Tarzan the Terrible
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dust-jacket illustration of Tarzan the Terrible
|Author||Edgar Rice Burroughs|
|Illustrator||J. Allen St. John|
|Publisher||A. C. McClurg|
|Media type||Print (Hardback)|
|Preceded by||Tarzan the Untamed|
|Followed by||Tarzan and the Golden Lion|
Tarzan the Terrible is a novel written by Edgar Rice Burroughs, the eighth in his series of books about the title character Tarzan. It was first published as a serial in the pulp magazine Argosy All-Story Weekly in the issues for February 12, 19, and 26 and March 5, 12, 19, and 26, 1921; the first book edition was published in June 1921 by A. C. McClurg. Its setting, Pal-ul-don, is one of the more thoroughly realized "lost civilizations" in Burroughs' Tarzan stories. The novel contains a map of the place as well as a glossary of its inhabitants' language.
Two months have passed since the conclusion of the previous novel (#7) in which Tarzan spent many months wandering about Africa wreaking vengeance upon those whom he believed brutally murdered Jane. This places the story around 1933 in the beginning of World War II when Tarzan would be 45 years old. At the end of that novel Tarzan learns that her death was a ruse, that she had not been killed at all.
In attempting to track Jane, Tarzan has come to a hidden valley called Pal-ul-don filled with dinosaurs, notably the savage Triceratops-like Gryfs, which, unlike their prehistoric counterparts. are carnivorous and stand 20 feet tall at the shoulder. The lost valley is also home to two different adversarial races of tailed human-looking creatures: the hairless and white skinned, city-dwelling Ho-don and the hairy and black-skinned, hill-dwelling Waz-don. Tarzan befriends a Ho-don warrior, and the Waz-don chief, actuating some uncustomary relations. In this new world Tarzan becomes a captive but so impresses his captors with his accomplishments and skills that they name him Tarzan-Jad-Guru (Tarzan the Terrible).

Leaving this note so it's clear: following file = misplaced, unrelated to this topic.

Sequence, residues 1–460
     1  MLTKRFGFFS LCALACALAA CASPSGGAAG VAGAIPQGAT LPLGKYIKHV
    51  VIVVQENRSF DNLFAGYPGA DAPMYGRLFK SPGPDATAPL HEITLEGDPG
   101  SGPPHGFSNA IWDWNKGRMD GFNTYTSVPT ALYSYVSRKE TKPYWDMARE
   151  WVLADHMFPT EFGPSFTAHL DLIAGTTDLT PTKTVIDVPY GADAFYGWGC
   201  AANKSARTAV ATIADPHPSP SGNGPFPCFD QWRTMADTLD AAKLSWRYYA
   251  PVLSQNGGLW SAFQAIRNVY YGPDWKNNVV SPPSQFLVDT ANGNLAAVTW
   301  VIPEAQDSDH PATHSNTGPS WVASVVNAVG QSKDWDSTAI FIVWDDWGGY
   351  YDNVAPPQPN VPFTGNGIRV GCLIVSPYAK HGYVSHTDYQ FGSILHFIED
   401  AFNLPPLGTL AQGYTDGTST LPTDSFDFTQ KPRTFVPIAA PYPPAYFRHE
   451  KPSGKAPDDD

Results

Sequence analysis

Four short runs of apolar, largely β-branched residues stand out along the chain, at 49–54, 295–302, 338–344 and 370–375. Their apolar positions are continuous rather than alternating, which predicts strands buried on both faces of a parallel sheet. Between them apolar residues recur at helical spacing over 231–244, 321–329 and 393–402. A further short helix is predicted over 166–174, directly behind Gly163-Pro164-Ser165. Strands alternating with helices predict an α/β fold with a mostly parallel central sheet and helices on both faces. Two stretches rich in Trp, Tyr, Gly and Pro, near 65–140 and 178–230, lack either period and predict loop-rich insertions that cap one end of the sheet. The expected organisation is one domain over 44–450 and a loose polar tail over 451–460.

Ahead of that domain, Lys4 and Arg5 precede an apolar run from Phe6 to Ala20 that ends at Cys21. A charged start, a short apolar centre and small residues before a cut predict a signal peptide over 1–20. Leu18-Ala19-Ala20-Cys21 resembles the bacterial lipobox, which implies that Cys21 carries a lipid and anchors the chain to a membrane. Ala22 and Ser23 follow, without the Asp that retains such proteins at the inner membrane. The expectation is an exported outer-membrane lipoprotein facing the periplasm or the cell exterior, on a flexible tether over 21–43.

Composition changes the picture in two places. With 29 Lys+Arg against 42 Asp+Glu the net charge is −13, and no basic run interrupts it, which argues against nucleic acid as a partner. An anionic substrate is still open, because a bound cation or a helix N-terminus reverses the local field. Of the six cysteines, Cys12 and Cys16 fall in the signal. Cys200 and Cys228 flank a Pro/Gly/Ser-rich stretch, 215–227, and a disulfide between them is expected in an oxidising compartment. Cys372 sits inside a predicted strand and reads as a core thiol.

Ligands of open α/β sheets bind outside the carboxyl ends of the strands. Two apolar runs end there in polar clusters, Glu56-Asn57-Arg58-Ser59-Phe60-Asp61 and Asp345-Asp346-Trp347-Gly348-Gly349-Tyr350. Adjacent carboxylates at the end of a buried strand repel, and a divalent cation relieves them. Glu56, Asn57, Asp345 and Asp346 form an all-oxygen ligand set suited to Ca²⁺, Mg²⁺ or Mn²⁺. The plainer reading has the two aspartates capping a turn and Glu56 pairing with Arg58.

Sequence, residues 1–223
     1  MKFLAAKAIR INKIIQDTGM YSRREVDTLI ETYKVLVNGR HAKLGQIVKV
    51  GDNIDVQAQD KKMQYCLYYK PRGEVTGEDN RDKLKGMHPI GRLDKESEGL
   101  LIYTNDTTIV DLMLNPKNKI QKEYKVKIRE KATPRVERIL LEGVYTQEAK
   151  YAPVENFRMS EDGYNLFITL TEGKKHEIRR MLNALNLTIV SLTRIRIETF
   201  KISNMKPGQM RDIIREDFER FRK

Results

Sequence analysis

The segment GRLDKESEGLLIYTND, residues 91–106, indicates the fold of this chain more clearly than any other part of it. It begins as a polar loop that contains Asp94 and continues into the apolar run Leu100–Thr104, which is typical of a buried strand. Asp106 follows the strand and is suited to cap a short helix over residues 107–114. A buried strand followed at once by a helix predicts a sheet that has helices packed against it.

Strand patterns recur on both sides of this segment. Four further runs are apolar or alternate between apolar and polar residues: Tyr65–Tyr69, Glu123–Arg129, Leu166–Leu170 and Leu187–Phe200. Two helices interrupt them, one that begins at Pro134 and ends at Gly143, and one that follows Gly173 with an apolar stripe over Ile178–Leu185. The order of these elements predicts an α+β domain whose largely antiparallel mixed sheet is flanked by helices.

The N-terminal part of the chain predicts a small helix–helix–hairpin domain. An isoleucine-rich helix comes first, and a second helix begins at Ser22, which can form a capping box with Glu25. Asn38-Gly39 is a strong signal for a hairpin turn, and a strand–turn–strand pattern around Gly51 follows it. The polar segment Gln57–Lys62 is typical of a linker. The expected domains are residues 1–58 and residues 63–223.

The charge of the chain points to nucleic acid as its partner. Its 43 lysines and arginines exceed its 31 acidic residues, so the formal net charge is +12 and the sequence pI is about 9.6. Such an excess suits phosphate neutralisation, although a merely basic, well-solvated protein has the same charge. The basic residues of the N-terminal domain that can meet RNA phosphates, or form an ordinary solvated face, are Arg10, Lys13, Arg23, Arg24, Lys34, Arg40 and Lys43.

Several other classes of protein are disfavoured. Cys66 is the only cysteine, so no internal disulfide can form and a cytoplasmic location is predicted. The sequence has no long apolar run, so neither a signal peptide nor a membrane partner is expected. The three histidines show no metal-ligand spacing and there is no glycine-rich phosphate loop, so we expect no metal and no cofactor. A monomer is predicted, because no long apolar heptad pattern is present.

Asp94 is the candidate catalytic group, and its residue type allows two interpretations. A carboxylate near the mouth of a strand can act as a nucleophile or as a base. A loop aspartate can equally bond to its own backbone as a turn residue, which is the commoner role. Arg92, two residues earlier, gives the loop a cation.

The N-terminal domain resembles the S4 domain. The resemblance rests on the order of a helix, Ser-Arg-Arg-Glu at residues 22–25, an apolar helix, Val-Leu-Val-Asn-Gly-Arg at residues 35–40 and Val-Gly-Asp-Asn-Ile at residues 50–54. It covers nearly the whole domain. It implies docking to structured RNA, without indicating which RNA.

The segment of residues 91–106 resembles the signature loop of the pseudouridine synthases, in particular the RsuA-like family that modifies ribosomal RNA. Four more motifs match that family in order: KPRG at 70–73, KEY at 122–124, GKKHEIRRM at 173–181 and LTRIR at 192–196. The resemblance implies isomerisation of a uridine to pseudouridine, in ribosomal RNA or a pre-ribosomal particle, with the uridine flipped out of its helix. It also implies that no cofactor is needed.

Having been brought there by her German captor, it turns out Jane is also being held captive in Pal-ul-don. She becomes a center-piece in a religious power struggle that consumes much of the novel until she escapes, after which her German captor becomes dependent on her due to his own lack of jungle survival skills.
With the aid of his native allies, Tarzan continues to pursue his beloved, going through an extended series of fights and escapes to do so. In the end success seems beyond even his ability to achieve, until in the final chapter he and Jane are saved by their son Korak, who has been searching for Tarzan just as Tarzan has been searching for Jane.
- Bleiler, Everett (1948). The Checklist of Fantastic Literature. Chicago: Shasta Publishers. p. 68.
|Wikisource has original text related to this article:|
- ERBzine.com Illustrated Bibliography entry for Edgar Rice Burroughs' Tarzan the Terrible
- Text of the novel at Project Gutenberg
- Tarzan the Terrible public domain audiobook at LibriVox
- Edgar Rice Burroughs Summary Project page for Tarzan the Terrible
- Geography of Pal-ul-Don
- Pal-ul-don in ERBzine by Rick Johnson
Tarzan the Untamed
Tarzan the Terrible
Tarzan and the Golden Lion